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Irrigation and water application rates and their estimation

Irrigation rate means the water quantity required to supply for crop irrigation throughout the growing season. Irrigation rate covers the deficit in water balance on a cropped hectare, that is the difference between total consumptive water use (water consumption due to plant transpiration and soil evaporation) and natural moisture deposit in soil. Irrigation rate depends on climatic and weather conditions, soil properties, crop characteristics, and its cultivation technologies. The irrigation rate for cotton is 6-10 ths m3 of water per ha, grain crops 2.5 ths m3 of water per ha, and for alfalfa 2-12 ths m3 of water per ha. Irrigation rate is broken down into water application rates.

Water application rate implies the water quantity delivered per hectare of irrigated crops for a single water application operation. The sum of the water application rates for the growing season is to be equal to the irrigation rate. Water application rate depends on the depth of the soil root zone intended to be watered, crop characteristics and development phases, texture, and hydrophysical properties of the soil, water application methods and purpose, etc. As a rule, at gravity vegetative irrigation, the water application rate comes to 600-1200 m3/ha; at sprinkling irrigation, 300-800 m3/ha; and at water-charging irrigation, 1000-2000 m3/ha.

Source: Great Soviet Encyclopedia

Water application rate:

M = E - 10 μ Hp - (Wb - We) - Wg, m3/ha,


stands for total crop water use (total evapotranspiration), m3/ha,

= Y * Kw,


Y stands for planned yield, t/ha,

Kw stands for water-use ratio, m3/t, means the ratio of the total soil water discharge, m3/ha, (i.e. soil evaporation plus transpiration) to the yield output of the main agricultural product, t/ha,

Hp stands for amount of the precipitation fallen during a given crop growing season, mm,

μ stands for precipitation utilization ratio,

Wb stands for the deposit of moisture in a design soil layer at the beginning of the growing season, m3/ha,

We stands for the deposit of moisture in a design soil layer at the end of the growing season, m3/ha,

Wg stands for the water quantity coming to design soil layer through capillaries from groundwater during the growing season, m3/ha.

There are net irrigation rate (Mn) and gross irrigation rate (Mb).

Net irrigation rate leaves out of account the water losses to seepage through canal sidewalls and bottom, evaporation, leakage through pipe junctions, etc.; therefore, more water should be taken from an irrigation source allowing for the size of these losses.

Water losses are taken into account by means of the efficiency factor (η) of irrigation systems, which comes to 0.9-0.95 for open and 0.6-0.8 closed systems. Hence, the gross rate is given by:

Mg = Mn/η, m3/ha,

As crop water requirement throughout the growing season is non-uniform and partially covered by falling precipitation, irrigation rate should be provided during dry seasons to the field not at a time but in portions.


The rate of a single water application is equal to the difference of water reserves in a design layer before and after water application.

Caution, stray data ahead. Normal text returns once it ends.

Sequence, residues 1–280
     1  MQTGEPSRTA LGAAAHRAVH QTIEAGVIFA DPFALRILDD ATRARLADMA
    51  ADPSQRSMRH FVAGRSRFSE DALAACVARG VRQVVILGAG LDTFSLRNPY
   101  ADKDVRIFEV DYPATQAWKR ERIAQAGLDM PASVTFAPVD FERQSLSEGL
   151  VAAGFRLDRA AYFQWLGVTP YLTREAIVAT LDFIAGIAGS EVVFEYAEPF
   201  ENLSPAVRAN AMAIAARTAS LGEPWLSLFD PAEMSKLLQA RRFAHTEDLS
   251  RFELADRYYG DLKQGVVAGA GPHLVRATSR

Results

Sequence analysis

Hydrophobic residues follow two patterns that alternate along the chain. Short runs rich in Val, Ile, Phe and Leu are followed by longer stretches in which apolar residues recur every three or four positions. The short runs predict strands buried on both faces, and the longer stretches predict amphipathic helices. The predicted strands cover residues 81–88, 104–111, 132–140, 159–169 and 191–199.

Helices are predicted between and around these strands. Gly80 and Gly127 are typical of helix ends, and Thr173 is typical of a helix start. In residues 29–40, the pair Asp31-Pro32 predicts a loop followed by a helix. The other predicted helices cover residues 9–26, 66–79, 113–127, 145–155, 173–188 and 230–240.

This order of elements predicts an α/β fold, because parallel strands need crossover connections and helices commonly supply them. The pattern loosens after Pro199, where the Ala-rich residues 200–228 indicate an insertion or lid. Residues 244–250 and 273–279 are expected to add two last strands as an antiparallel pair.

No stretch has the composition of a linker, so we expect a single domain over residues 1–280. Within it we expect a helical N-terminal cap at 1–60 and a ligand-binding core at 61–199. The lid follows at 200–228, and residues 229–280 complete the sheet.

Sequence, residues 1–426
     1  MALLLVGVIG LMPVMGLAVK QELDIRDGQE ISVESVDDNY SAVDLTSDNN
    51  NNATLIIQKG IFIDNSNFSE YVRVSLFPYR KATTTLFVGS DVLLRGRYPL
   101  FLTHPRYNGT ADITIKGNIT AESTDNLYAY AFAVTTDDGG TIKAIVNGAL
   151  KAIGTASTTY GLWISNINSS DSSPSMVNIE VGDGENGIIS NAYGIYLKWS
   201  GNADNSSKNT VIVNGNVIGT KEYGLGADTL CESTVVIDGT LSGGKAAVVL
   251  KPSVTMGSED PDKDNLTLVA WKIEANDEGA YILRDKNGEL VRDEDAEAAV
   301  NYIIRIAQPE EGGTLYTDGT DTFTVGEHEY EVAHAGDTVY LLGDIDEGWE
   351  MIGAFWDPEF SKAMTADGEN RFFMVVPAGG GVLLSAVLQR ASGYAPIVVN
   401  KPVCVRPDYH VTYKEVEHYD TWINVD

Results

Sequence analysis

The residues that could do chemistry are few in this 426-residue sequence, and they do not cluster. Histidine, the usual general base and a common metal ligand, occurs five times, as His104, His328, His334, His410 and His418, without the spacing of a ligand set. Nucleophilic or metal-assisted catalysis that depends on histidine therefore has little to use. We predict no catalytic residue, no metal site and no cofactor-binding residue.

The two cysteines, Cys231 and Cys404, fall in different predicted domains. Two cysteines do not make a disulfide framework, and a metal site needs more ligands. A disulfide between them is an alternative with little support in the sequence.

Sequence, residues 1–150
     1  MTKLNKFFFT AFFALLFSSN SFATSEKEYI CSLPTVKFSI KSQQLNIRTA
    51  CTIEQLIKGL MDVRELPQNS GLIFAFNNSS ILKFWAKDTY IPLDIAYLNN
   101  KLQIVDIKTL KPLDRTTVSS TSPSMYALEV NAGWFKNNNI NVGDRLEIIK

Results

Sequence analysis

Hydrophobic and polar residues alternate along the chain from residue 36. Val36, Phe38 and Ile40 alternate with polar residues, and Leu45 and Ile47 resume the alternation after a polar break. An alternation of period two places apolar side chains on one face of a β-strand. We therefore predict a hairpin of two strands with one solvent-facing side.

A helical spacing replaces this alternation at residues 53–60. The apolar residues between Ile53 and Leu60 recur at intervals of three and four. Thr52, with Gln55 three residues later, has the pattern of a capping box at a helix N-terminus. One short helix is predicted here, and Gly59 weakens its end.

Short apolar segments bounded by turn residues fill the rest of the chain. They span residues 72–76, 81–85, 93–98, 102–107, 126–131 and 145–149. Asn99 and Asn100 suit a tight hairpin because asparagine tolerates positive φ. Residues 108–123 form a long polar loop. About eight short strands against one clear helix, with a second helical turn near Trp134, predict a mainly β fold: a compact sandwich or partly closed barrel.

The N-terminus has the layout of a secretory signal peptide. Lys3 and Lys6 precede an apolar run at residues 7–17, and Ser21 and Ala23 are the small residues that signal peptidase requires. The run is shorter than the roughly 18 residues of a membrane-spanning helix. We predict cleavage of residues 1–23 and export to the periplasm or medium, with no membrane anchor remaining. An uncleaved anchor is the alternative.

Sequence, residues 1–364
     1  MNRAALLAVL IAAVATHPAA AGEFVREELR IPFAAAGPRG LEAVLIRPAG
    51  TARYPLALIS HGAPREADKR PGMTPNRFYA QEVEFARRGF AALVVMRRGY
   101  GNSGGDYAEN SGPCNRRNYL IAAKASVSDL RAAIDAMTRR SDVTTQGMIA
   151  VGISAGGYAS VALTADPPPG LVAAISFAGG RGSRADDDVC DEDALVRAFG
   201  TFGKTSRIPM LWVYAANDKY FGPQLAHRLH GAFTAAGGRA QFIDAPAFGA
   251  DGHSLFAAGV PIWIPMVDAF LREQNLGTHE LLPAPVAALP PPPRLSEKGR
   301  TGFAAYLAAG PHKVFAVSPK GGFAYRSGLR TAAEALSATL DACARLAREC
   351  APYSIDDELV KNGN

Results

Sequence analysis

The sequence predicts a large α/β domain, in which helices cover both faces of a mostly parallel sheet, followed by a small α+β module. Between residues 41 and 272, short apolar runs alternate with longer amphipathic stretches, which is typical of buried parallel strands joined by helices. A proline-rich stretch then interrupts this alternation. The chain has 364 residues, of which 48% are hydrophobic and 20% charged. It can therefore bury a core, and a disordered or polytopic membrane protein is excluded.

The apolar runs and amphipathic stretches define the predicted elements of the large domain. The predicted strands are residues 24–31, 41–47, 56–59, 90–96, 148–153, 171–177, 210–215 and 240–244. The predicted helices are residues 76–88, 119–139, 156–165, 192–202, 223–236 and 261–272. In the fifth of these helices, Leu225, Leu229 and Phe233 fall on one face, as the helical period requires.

The water quantity required to be supplied per hectare of irrigated crops for a single irrigation operation is called water application rate (m) is defined by the following formula:

m = 100 h d (ßmax - ßmin), m3/ha,


h stands for the depth of the active soil layer, m,

d stands for the volume weight of the design soil layer, t/m3;

ßmax stands for the moisture percentage of dry soil mass,

ßmin stands for the moisture percentage of dry soil mass, which corresponds to the lower moisture limit, i.e. ßmin = (0.6/0.8) ßmax;

Water application rate and time of water application to crops are determined by the grapho-analytical method elaborated by Academician A.N. Kostyakov.

During the growing season, water application rate is supplied in portions depending on the change in the thickness of the root zone, crop water requirement, natural moistening, permissible moisture limits. The more frequent water applications and less their amount, the more precise can be the required moisture regime maintained in the design layer; however, at that more technical and organizational difficulties will arise and economic costs will rise. Uninterrupted water supply coordinated with the irrigation regime would be possible only with automated drip and subsoil irrigation systems which have not yet reached a proper level of technical excellence and extensive use. Traditional irrigation methods (surface and sprinkling irrigation) allow performing only water application periodically.


Water application rate is also influenced by the thickness of soil layer and lithologic composition of subsoil: e.g. for shallow soil, under which soil of high permeability is located, water application rate is lowered. It is influenced by local topography, too: at greater slopes, water application rates should be reduced. The water applications rates on saline and subject-to-salinity soils are higher than of non-saline ones. Based on the experience of land irrigation, limits on water application rate for different irrigation methods: for surface irrigation method 80-120 mm; for sprinkling irrigation 15-70 mm; for drip irrigation 5-10 mm; for subsoil irrigation 5-10 mm.

Water application time and rate is set by different ways. In operating irrigation systems, working irrigation regime is developed according to recommendations provided by research institutions, experience of other farms, direct field observations over roots absorption capacity, cell sap concentration, and soil moisture.

When designing and reconstructing irrigation systems, based on the characteristics of similar facilities they develop or adopt a design irrigation regime with estimated frequency of watering.

Selected bibliography